What does an Ocean Engineer do?
An ocean engineer researches, designs, and builds various types of marine equipment. Professionals utilize their knowledge of the physical and chemical properties of seawater to solve problems related to ocean research and transportation. An ocean engineer might specialize in designing ships, complex measuring instruments, oil rigs, or large systems used to desalinate seawater or provide hydroelectric power. Engineers work in many different industries and settings, including oil companies, environmental protection agencies, and military branches.
Ocean engineers usually work in offices or laboratories, researching different types of existing marine equipment and determining the need for new technology. Working with a team of other marine specialists, an ocean engineer creates blueprints and schematics for new equipment and vehicles using computer-aided design (CAD) software. He or she puts designs through simulated computer tests to determine their effectiveness, and then oversees the construction of models and prototypes. Once a design is approved, the engineer helps to coordinate large-scale manufacture.
Many professionals engage in the research and development of instruments that are used to test ocean depths, composition, and temperature. An engineer who works for a private company might be involved in the construction of new ships and ports, while an engineer employed by a government or military agency might design submarines, radar systems, underwater communications systems, or missiles. Most types of equipment or vessels found in the ocean were originally conceived by ocean engineers.
An expert who works for an environmental protection agency may be involved in the design of desalination plants to turn ocean water into potable freshwater. Professionals with expert knowledge of civil and chemical engineering might help in the construction of renewable energy plants that utilize ocean tides and currents to provide hydroelectric power. Other engineers provide consultation to shipping companies on ways they can reduce pollution and other risks to ocean life.
An ocean engineer who works for an oil company designs new types of oil rigs and suggests improvements to existing equipment. He or she investigates current technology and determines how to make the drilling process more cost-efficient and environmentally friendly. Engineers often work closely with marine geologists and oceanographers to understand the risks and benefits of drilling in certain areas. As in most ocean engineer professions, oil company engineers utilize CAD programs and other software to create blueprints and simulate test runs.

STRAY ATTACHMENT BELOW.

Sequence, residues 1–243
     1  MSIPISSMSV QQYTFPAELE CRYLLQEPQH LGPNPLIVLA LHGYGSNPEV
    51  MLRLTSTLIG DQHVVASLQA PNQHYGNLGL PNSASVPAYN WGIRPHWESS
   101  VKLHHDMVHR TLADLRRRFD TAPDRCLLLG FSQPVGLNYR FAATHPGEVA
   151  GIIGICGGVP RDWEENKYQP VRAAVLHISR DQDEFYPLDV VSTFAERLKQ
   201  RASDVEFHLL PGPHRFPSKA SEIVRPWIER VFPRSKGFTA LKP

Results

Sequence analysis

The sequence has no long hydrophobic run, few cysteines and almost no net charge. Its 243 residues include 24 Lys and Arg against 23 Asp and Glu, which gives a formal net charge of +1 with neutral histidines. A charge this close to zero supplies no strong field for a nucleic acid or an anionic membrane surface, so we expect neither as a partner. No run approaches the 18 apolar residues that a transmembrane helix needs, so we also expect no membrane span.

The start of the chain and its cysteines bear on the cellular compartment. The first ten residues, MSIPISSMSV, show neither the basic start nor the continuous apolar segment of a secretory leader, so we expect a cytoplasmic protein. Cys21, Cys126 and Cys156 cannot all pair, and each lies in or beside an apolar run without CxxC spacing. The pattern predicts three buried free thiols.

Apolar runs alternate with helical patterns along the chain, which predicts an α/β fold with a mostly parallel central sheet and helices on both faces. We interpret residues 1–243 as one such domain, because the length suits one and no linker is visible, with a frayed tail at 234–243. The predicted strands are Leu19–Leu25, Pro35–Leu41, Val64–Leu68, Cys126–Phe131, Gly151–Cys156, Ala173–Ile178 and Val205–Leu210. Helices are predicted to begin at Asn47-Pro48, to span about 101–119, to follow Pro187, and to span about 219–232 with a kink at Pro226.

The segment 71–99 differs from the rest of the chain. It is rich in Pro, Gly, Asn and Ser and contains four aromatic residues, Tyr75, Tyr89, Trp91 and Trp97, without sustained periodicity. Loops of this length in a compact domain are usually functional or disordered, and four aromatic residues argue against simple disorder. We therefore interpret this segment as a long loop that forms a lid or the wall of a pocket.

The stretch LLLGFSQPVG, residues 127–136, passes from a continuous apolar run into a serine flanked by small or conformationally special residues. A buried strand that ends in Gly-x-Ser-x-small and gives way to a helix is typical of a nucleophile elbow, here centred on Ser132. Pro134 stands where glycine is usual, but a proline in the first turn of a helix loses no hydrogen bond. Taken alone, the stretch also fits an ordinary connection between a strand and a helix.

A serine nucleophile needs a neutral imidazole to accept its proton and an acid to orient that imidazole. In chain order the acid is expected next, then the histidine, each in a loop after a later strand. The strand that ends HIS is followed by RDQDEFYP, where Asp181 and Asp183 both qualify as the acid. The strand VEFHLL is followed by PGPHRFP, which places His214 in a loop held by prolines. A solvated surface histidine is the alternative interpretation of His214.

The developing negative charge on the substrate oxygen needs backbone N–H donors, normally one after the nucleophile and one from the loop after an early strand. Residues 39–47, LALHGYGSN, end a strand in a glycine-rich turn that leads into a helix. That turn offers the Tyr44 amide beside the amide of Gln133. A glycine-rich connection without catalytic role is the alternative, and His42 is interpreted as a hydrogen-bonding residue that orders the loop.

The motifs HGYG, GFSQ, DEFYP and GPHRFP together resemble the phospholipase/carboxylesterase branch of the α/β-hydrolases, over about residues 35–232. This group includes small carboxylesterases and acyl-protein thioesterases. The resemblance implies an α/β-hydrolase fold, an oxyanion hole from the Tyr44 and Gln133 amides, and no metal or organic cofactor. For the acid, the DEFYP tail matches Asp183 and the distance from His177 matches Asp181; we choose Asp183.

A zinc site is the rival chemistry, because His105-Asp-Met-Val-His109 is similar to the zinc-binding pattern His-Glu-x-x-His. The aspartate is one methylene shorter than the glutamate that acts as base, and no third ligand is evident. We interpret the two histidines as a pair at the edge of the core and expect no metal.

In most settings, an advanced degree in mechanical, civil, or chemical engineering is necessary to obtain work as an ocean engineer. Most master's degree engineering programs take about five to six years to complete. Licensure is required to work as an ocean engineer in many countries, and entails passing a series of exams that cover the fundamentals of the profession, safety regulations, and laws. Successful, licensed engineers generally enjoy many advancement opportunities, and some professionals are able to start their own businesses as consultants or manufacturing plant owners.
This job seems difficult.
@Nepal2016: Why does the government agency have to monitor and clean up spills? Shouldn't the oil company -- the one 'spilling' the oil -- clean up its own mess?
Nice overview! I think it's really great that you mentioned desalination plants, since this looks like it's going to be a huge industry in the coming years. Water is getting more and more scarce, and there is a whole lot of it in the oceans. Some countries already get some of their water this way, but removing the salt from sea water, but it is expensive. It makes sense that ocean engineers would work on this problem, because many large ships have small, powerful desalination systems on board, so they already have experience working with that kind of equipment.
@Viktor13 - I agree, there is really no end of opportunity for this kind of thing. Especially since they can work on "both sides" of an issue. For example, an engineer working for an oil company might develop a new way to drill in deeper water, then another engineer at a government agency or environmental company develops ways to monitor those deep wells and clean up any spills.
I didn't realize that ocean engineering had so many different components to it. I guess it makes sense, though, since so much of the Earth is covered with water and we are really only exploring a tiny bit of it. As technology gets better for going into deeper water, I would bet this career field gets even more diverse.
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